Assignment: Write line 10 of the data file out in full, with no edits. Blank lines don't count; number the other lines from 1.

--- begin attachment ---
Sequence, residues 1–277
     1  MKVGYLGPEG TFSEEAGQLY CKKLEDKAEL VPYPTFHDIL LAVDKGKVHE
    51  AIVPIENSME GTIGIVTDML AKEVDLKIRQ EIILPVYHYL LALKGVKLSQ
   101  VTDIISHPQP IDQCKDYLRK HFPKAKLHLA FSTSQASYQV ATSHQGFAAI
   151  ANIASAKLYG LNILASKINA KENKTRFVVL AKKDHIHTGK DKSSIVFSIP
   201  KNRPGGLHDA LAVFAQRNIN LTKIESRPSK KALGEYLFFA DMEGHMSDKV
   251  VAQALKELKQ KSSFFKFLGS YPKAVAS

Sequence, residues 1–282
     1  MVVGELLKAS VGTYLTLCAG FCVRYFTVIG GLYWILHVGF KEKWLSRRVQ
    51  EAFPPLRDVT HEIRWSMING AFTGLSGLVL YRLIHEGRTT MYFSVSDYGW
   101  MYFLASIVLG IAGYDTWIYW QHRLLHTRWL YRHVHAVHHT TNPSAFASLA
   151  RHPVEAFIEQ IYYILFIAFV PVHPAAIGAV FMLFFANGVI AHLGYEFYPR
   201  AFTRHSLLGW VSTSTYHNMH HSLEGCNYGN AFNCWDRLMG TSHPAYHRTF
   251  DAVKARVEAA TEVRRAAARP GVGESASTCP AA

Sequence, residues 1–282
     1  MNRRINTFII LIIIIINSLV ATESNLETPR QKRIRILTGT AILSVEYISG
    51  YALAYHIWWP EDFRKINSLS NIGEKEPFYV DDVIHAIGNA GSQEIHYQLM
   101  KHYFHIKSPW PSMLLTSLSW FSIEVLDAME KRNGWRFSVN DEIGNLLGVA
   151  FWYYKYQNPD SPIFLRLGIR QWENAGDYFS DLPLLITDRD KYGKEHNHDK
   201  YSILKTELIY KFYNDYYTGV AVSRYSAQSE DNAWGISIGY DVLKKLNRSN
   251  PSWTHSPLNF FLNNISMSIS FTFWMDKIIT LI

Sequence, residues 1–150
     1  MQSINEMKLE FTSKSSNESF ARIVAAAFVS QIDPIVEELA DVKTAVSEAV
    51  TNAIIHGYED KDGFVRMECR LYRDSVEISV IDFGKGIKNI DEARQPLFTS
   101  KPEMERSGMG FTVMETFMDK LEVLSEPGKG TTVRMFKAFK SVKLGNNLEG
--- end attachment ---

    51  EAFPPLRDVT HEIRWSMING AFTGLSGLVL YRLIHEGRTT MYFSVSDYGW